The UK’s Advertising Standards Authority has ruled that 30,000 is the magic number of followers that makes you a celebrity. The decision means that if you have such a following then you have to obey the same advertising rules as traditional celebrities like David Beckham or Stephen Fry, particularly when it comes to product endorsements.
The regulator came to the decision after an Instagram user with 32,000 followers, ThisMamaLife, posted an ad for Phenergan Night Time sleeping tablets. Although they disclosed that the post was an ad at the beginning of its description, the ASA ruled that their follower count made them a celebrity, and thus banned from drug endorsements in the UK.
Initially Sanofi, the drug company that had paid for the ad, argued that ThisMamaLife had a comparatively small following compared to more established celebrities. However, the ASA said that the rules apply to anyone with over 30,000 followers. For the ASA, anyone with 32 thousand followers or 32 million followers will be treated the same.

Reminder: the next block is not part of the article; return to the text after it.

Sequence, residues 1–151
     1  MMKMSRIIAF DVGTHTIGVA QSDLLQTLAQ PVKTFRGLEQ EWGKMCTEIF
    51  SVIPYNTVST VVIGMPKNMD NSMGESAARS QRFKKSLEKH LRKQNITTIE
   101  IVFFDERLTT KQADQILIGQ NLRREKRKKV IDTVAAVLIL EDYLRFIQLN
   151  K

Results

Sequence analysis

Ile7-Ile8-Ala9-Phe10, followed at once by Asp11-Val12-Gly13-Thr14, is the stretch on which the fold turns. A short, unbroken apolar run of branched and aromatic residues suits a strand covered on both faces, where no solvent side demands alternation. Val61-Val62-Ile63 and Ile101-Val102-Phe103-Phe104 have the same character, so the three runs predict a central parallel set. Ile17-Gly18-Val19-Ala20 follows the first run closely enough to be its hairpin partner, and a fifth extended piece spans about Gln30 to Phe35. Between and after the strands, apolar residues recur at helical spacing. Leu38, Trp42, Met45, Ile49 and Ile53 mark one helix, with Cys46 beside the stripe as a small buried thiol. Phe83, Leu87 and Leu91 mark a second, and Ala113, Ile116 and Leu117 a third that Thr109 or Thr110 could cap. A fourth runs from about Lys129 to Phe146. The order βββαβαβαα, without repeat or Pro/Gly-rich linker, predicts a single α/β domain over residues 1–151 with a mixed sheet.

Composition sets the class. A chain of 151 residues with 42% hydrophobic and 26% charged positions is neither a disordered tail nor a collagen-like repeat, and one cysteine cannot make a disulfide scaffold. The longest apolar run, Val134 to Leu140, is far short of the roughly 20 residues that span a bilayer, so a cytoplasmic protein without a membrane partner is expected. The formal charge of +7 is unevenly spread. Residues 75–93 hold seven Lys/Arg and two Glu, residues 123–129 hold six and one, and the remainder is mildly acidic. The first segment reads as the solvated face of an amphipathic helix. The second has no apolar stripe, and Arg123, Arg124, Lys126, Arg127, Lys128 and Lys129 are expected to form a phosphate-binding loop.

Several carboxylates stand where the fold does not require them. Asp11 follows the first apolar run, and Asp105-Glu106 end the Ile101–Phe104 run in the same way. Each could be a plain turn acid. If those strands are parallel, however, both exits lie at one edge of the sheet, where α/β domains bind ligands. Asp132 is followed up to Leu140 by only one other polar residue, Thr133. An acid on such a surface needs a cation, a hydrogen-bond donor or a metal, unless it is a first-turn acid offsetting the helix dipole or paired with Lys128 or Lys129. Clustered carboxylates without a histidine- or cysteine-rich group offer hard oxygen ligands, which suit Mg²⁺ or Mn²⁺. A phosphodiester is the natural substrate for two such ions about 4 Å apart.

“We noted Sanofi’s argument regarding the comparatively low number of followers ThisMamaLife had in contrast to notable celebrities,” the ASA said in its ruling, “However, we considered that over 30,000 followers indicated that she had the attention of a significant number of people. Given that she was popular with, and had the attention of a large audience, we considered that ThisMamaLife was a celebrity for the purposes of the CAP Code.”
The UK’s rules are a lot stricter than the US, where celebrities are freely allowed to endorse drugs. The main thing the FTC is concerned about is that people, regardless of whether they’re a celebrity or not, disclose when a post has been paid for by an advertiser. In 2017, it sent out letters to more than 90 “influencers and marketers” warning them about this requirement. However, these warnings don’t appear to have translated into action. In October last year, Morning Consult reported that despite only around a quarter of influencers following its rules, the FTC had not taken any public actions against those who weren’t compliant.